From your perspective, what is the role of a record label in 2021?

The role of a record label in 2021 is to be a bank and to get [artists] industry acceptance. That’s what I would say.

So, the bank is obviously just like, “Here’s a bunch of money that we thought you were going to make anyway, which is why we’re giving it to you.” And then the industry acceptance is things like Grammys, or various PR type of looks. It’s like those types of things are really the only things I could say a label could offer that you can’t offer yourself. But, the thing with the industry acceptance stuff, it’s like, I feel like once again I kind of cracked the code with that by getting with the right PR agency, which labels provide... My PR agency now has gotten me way more opportunities than the PR division when I was with the label.

You have a cannabis line called CHOMP. Talk about that decision to move into the cannabis space.

I just see a lot of artists do things with brands that they don’t own, which is cool, ‘cause it makes you look like you’re important and famous... but, I’m like, man, I’m 28 about to be 29. I’m approaching my thirties and I’m trying to own shit. That’s it. I’m not trying to do anything I don’t own. So, I don’t want to go get paid a million dollars a year or whatever it is to promote a shampoo line. No, I’ll just make my own. Same thing with the weed. It’s like anything I do in my life naturally, I should just make it and sell it.

Me being me, I wanted it to be authentic, meaning I didn’t want to just slap my name on something and sell it. It had to be really what I’m going to smoke in the studio. So, it was a year-long process, but we created something that I can stand behind for that environment, which is a studio. And I’m excited about it just because I liked the idea of contributing something to the world outside of music that is still authentic to me... I think it’s really cool for me, it’s fun for me. And then from a business perspective, I think being an owner is always the wave. It’s a longer road sometimes, but I think it pays off in the end.

Why is ownership so important in the music industry?

Because ownership is why people in the music industry are rich. People really need to really think, they need to realize labels have never done a show. Ever. Labels have never toured. Ever. And they are billionaires. And it’s because they own the music. So, that’s how important owning music is. Because this narrative that’s been created in the music business that, ‘Oh, well touring’s really like the artist’s bread and butter.’ That narrative has been created because we’ve just accepted the fact that, ‘Oh, well, you’re not going to make any money off the music. Of course not. Ugh’ and it’s like, what?! What the fuck are y’all talking about?

Look what just happened in the world. The whole world got shut down. No shows, no touring, no nothing. So, if you don’t own your music, then you don’t have ‘mailbox money.’ The thing with doing shows, it’s not a reliable income because it’s dependent upon a venue, traveling, cities — you must get up and leave. That’s not a real boss. A real boss doesn’t have to tour. That’s crazy. That’s the most ‘get up and go to work’ element of the music business... Being a boss is me sitting here, I haven’t left my house for two years, but I’ve made $10 million. The narrative that touring should be your bread and butter and all that is a narrative that’s been pushed by a music business who has already decided that artists don’t need to own the music. So, I don’t buy into the narrative because it’s created by a business that isn’t for the artists.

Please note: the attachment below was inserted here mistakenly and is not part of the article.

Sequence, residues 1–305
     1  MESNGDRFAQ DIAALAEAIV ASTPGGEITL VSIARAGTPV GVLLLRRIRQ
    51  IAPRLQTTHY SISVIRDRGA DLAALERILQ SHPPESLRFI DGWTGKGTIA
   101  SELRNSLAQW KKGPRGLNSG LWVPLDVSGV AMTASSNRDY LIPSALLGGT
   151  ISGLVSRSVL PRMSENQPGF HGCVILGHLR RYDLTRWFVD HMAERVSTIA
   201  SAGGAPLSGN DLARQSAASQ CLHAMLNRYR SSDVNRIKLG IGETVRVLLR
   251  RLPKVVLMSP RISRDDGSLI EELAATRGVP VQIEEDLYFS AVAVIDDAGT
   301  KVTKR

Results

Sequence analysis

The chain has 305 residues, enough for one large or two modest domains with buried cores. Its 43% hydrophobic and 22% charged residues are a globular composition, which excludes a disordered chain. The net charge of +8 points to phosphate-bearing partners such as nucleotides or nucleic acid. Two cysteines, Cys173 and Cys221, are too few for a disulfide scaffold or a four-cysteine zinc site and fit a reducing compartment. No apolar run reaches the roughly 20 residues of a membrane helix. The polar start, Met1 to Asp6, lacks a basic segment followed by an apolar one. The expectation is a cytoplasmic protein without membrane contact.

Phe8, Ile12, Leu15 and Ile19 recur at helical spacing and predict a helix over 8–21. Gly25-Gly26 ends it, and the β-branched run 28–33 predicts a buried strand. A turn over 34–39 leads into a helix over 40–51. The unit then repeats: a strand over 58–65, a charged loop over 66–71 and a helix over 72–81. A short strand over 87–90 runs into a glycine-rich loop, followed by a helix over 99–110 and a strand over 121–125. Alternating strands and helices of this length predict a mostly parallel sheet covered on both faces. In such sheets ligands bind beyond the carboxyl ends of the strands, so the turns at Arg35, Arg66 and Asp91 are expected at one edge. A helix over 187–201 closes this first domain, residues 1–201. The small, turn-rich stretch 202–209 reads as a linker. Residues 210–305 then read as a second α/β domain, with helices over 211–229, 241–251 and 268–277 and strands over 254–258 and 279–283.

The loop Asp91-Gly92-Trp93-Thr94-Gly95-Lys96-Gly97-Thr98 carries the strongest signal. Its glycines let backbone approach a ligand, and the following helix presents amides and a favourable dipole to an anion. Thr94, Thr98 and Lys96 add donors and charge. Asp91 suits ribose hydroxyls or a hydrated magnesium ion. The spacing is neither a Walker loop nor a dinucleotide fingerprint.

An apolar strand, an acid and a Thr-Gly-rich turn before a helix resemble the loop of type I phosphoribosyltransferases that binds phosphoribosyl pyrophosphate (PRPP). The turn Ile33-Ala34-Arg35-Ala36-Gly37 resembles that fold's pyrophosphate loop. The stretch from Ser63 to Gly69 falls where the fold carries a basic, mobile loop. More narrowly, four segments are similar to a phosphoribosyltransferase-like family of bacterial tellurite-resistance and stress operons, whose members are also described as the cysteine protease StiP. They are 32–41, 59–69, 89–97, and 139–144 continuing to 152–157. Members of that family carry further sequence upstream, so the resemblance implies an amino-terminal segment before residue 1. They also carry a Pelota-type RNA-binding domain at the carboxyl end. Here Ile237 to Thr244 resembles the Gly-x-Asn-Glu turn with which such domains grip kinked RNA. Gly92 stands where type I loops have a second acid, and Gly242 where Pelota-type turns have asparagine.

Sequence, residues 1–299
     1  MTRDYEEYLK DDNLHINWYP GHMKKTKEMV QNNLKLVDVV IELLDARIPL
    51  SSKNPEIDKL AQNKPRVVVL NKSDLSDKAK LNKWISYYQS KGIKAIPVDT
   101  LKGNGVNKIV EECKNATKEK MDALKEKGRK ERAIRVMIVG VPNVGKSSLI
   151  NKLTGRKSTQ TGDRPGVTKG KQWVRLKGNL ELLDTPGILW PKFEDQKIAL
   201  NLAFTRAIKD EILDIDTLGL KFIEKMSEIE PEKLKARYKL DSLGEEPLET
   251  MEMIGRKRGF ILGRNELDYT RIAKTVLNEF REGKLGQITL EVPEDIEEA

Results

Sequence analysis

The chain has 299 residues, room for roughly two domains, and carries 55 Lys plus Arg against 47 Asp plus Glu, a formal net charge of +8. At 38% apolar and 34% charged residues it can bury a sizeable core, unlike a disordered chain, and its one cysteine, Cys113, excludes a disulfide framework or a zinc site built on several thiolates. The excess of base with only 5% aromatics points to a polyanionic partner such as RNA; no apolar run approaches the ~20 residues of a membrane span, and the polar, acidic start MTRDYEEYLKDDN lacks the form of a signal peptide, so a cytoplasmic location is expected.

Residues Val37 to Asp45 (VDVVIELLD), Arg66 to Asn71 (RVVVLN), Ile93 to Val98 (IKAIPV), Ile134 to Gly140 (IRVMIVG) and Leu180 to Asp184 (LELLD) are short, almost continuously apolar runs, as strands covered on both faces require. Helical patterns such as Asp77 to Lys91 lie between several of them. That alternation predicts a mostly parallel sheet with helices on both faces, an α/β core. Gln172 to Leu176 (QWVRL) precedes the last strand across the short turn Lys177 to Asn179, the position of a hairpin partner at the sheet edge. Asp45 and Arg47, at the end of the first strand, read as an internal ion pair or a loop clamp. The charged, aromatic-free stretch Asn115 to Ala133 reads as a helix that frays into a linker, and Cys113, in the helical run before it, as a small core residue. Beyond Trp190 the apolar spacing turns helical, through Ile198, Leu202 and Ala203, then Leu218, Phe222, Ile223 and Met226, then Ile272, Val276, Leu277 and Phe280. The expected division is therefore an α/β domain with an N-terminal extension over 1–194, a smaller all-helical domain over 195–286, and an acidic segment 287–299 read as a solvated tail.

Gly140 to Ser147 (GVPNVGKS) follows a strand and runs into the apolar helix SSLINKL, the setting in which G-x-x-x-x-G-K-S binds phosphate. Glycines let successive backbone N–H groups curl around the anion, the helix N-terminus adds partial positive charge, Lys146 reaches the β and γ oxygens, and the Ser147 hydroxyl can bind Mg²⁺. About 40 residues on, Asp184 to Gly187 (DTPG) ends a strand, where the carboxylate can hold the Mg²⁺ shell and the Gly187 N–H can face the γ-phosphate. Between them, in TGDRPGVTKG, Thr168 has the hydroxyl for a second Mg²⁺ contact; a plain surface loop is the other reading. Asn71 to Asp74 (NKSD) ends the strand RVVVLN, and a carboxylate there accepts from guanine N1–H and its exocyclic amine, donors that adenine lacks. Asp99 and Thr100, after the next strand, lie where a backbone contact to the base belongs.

I never looked up to anyone in the industry who wasn’t a boss. I like the JAY-Zs and the Nipseys and you know, shit like that. Now you see Kanye just completely through the roof with the CEO boss shit. That’s what I always looked up to.

Talk about the importance of financial literacy.

I think financial literacy is — without it, you’re going to get into a lot of trouble with money... It’s funny how glamorized making money is, but financial literacy is not normalized. We all love the idea of making money, but no one wants to learn how to keep it or make it in a smarter way. So, I think without financial literacy, you’re going to learn the hard way. You’re going to be like, ‘Wow. I shouldn’t have spent all that money.’ Or ‘I should have been putting money aside for taxes.’ And ‘You mean when I get a million dollars from a label, I don’t have a million? It’s really $400,000; $250,000?

I think that’s like, step one. You got to get a good business manager and good people around you who know what’s up.

What are some of your long-term or short-term business goals?

I want to be a billionaire and I will be a billionaire because I simply demand it from the universe, but I want to be a billionaire so I can help more people. That’s kind of just been my thing with money... It’s not like I need a bigger house or I need more cars. I just want to get more money, so I can help more people and help out more of my friends. That’s my long-term business goal.

My short-term business goal is to put out this beauty line that I’ve been working on and developing for over a year. And this app that I’ve also been working on for two years. Like I said, contributing to the world with things that I naturally do, and owning it.